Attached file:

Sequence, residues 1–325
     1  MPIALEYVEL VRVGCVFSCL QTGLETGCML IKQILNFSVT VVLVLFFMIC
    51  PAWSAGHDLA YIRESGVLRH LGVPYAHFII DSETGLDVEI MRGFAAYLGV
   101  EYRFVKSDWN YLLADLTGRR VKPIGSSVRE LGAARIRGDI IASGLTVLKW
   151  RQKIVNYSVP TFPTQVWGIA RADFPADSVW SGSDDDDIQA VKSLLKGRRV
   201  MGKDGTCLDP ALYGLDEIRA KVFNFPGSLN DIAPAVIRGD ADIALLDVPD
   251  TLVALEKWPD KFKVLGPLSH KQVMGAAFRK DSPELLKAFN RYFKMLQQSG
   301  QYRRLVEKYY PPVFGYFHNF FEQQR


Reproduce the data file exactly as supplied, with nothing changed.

Sequence, residues 1–325
     1  MPIALEYVEL VRVGCVFSCL QTGLETGCML IKQILNFSVT VVLVLFFMIC
    51  PAWSAGHDLA YIRESGVLRH LGVPYAHFII DSETGLDVEI MRGFAAYLGV
   101  EYRFVKSDWN YLLADLTGRR VKPIGSSVRE LGAARIRGDI IASGLTVLKW
   151  RQKIVNYSVP TFPTQVWGIA RADFPADSVW SGSDDDDIQA VKSLLKGRRV
   201  MGKDGTCLDP ALYGLDEIRA KVFNFPGSLN DIAPAVIRGD ADIALLDVPD
   251  TLVALEKWPD KFKVLGPLSH KQVMGAAFRK DSPELLKAFN RYFKMLQQSG
   301  QYRRLVEKYY PPVFGYFHNF FEQQR